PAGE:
│                                                      │
│ rand=A.F           ⍝ macro: operand is A or F        │
│                                                      │
│ A:A→A              ⍝ strand binding, tightest of all │
│                                                      │
│ DOP:rand→MOP       ⍝ dyadic and                      │
│ rand:MOP→F         ⍝ ... monadic operators           │
│                                                      │
│ A:F→AF             ⍝ left argument to its function   │
│                                                      │
│ AF:A→A F:A→A       ⍝ function to its right argument. │
└──────────────────────────────────────────────────────┘

afo parse''             ⍝ Bunda-Gerth binding matrix.
┌─────┬─────┬───┐
│A    │F    │MOP│
┌───┼─────┼─────┼───┤
│A  │4 A  │2 AF │3 F│
├───┼─────┼─────┼───┤
│F  │1 A  │     │3 F│
├───┼─────┼─────┼───┤
│AF │1 A  │     │   │
├───┼─────┼─────┼───┤
│DOP│3 MOP│3 MOP│   │
└───┴─────┴─────┴───┘

afo parse '0 1+.×¨3÷4'  ⍝ parse tree for operator-function-array binding.
A
┌────┴────┐
┌──┴──┐     ┌┴─┐
┌┴┐  ┌─┴──┐ ┌┴┐ 4
0 1 ┌┴─┐  ¨ 3 ÷
+ ┌┴┐
. ×

afo parse '0+1-2×3÷4'   ⍝ array-function sequences associate right.
A
┌──┴───┐
┌┴┐  ┌──┴──┐
0 + ┌┴┐  ┌─┴──┐
1 - ┌┴┐  ┌┴─┐
2 × ┌┴┐ 4
3 ÷

afo parse '+∘-∘×∘÷'     ⍝ operator-operand sequences associate left.
F
┌──┴───┐
┌──┴──┐  ┌┴┐
┌┴─┐  ┌┴┐ ∘ ÷
+ ┌┴┐ ∘ ×
∘ -

afo parse'+∘2 3'        ⍝ strand binds tighter than operator.
F
┌┴─┐
+ ┌┴─┐
∘ ┌┴┐
2 3

⍝ Finally, the definition is extended with: Dfn braces {F} and "hybrid" tokens:
⍝ / ⌿ \ ⍀ ←, each of which can act as either function or operator, depending on
⍝ whether the token to its left is an array or function. Note the use of
⍝ distributions.

display afho            ⍝ afo extended with hybrids: H / ⌿ \ ⍀ ←
┌→───────────────────────────────────────────────────┐
│A   0 1 2 3 4 a ⍺ ⍵     ⍝ Arrays                    │
│F   + - × ÷             ⍝ Functions                 │
│H   / ⌿ \ ⍀ ←           ⍝ Hybrid function/operators │
│AF                      ⍝ bound left argument       │
│MOP ¨ &                 ⍝ Monadic operators         │
│DOP . ∘ ⍣               ⍝ Dyadic operators          │
│() {F}                  ⍝ Dfn                       │
│                                                    │
│rand=A.F.H              ⍝ alias: operand            │
│                                                    │
│A:A→A                   ⍝ strand binding, tightest  │
│                                                    │
│rand:MOP→F              ⍝ ... monadic operators     │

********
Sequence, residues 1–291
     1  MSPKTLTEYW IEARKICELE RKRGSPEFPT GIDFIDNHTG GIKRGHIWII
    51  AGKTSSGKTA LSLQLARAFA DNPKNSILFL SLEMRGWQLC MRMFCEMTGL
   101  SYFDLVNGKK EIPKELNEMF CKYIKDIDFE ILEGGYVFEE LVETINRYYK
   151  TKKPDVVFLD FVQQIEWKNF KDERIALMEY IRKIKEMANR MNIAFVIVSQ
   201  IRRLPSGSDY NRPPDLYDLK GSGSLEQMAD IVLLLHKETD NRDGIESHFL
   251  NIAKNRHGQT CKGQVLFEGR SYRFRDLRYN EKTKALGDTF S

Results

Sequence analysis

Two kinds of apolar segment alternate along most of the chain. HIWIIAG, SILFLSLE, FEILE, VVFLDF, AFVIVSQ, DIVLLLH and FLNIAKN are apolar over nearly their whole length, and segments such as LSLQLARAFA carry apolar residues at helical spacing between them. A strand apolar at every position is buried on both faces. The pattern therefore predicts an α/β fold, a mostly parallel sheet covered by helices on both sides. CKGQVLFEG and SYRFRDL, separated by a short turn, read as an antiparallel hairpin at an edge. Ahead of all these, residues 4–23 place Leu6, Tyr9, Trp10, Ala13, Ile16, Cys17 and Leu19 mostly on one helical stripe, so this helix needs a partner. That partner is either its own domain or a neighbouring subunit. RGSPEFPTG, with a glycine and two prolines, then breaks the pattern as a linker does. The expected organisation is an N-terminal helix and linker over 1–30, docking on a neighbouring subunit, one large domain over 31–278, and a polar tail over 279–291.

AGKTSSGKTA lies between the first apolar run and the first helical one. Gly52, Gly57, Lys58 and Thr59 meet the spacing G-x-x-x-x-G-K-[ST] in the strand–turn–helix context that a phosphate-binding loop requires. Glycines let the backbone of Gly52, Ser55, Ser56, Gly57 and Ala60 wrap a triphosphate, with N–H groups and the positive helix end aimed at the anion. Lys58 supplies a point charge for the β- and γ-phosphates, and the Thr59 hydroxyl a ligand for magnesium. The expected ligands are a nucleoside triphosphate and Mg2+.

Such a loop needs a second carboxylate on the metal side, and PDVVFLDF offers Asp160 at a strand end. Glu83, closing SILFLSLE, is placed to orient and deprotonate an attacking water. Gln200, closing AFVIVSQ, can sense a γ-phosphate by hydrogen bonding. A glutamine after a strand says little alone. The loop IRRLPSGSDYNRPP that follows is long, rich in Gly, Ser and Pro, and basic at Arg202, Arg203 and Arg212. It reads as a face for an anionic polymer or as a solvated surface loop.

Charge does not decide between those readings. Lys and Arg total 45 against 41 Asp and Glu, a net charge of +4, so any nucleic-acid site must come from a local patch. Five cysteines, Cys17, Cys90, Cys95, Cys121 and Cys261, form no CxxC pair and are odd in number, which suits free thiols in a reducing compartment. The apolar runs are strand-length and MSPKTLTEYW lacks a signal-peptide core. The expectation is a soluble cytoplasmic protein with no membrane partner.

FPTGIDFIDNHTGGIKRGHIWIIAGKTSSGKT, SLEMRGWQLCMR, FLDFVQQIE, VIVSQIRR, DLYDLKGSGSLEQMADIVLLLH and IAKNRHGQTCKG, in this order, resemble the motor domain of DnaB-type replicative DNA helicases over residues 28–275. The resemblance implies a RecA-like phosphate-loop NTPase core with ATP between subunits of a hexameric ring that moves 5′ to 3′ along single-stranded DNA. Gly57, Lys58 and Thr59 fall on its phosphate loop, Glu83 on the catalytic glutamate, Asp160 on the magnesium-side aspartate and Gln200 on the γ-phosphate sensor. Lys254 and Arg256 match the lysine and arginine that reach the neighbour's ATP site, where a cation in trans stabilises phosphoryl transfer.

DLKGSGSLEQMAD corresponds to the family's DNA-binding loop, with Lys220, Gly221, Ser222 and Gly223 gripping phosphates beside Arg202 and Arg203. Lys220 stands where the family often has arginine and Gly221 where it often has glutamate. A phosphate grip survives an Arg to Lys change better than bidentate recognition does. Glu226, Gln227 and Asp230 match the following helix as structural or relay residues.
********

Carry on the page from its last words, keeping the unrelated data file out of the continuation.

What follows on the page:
│F:H→F                   ⍝ hybrid as operator        │
│                                                    │
│A:F.H→AF                ⍝ left arg to its function  │
│                                                    │
│AF.F:A→A                ⍝ function to its right arg.│
└────────────────────────────────────────────────────┘

afho parse''                    ⍝ Bunda-Gerth binding table.
┌─────┬─────┬─────┬───┐
│A    │F    │H    │MOP│
┌───┼─────┼─────┼─────┼───┤
│A  │4 A  │2 AF │2 AF │3 F│
├───┼─────┼─────┼─────┼───┤
│F  │1 A  │     │3 F  │3 F│
├───┼─────┼─────┼─────┼───┤
│H  │     │     │     │3 F│
├───┼─────┼─────┼─────┼───┤
│AF │1 A  │     │     │   │
├───┼─────┼─────┼─────┼───┤
│DOP│3 MOP│3 MOP│3 MOP│   │
└───┴─────┴─────┴─────┴───┘

afho∘parse¨ '+/¨0' '1/¨0'       ⍝ hybrids: defining example.
A       A
┌─┴─┐   ┌─┴──┐
┌┴─┐ 0  ┌┴─┐  0
┌┴┐ ¨    1 ┌┴┐
+ /        / ¨

afho∘parse¨ 'a←0' 'a+←1'        ⍝ regular vs. modified assignment.
A       A
┌┴─┐   ┌─┴──┐
┌┴┐ 0  ┌┴─┐  1
a ←    a ┌┴┐
+ ←

afho parse'2{⍺+⍵}3'             ⍝ Dfn
A
┌───┴───┐
┌─┴─┐     3
2 ┌─┴─┐
{  ┌┴─┐
┌┴┐ ⍵
⍺ +

1 afho parse'+.×/3/⍵'           ⍝ 1 defn ... => traced evaluation.
┌─┬───┬─┬─┬─┬─┬─┐
│F│DOT│F│H│A│H│A│
│+│.  │×│/│3│/│⍵│
└─┴───┴─┴─┴─┴─┴─┘
┌─┬───┬─┬─┬───┬─┐
│F│DOT│F│H│ MF│A│
│+│.  │×│/│┌┴┐│⍵│
│ │   │ │ │3 /│ │
└─┴───┴─┴─┴───┴─┘
┌─┬───┬─┬─┬─────┐
│F│DOT│F│H│  A  │
│+│.  │×│/│ ┌┴─┐│
│ │   │ │ │┌┴┐ ⍵│
│ │   │ │ │3 /  │
└─┴───┴─┴─┴─────┘
┌─┬────┬─┬─────┐
│F│ MOP│H│  A  │
│+│┌┴┐ │/│ ┌┴─┐│
│ │. × │ │┌┴┐ ⍵│
│ │    │ │3 /  │
└─┴────┴─┴─────┘
┌─────┬─┬─────┐
│ F   │H│  A  │
│┌┴─┐ │/│ ┌┴─┐│
│+ ┌┴┐│ │┌┴┐ ⍵│
│  . ×│ │3 /  │
└─────┴─┴─────┘
┌───────┬─────┐
│   F   │  A  │
│ ┌─┴──┐│ ┌┴─┐│
│┌┴─┐  /│┌┴┐ ⍵│
│+ ┌┴┐  │3 /  │
│  . ×  │     │
└───────┴─────┘
┌─────────────┐
│      A      │
│   ┌──┴───┐  │
│ ┌─┴──┐  ┌┴─┐│
│┌┴─┐  / ┌┴┐ ⍵│
│+ ┌┴┐   3 /  │
│  . ×        │
└─────────────┘
A
┌──┴───┐
┌─┴──┐  ┌┴─┐
┌┴─┐  / ┌┴┐ ⍵
+ ┌┴┐   3 /
. ×

⍝ For more examples, see ##.scripts.parse and ##.scripts.Binding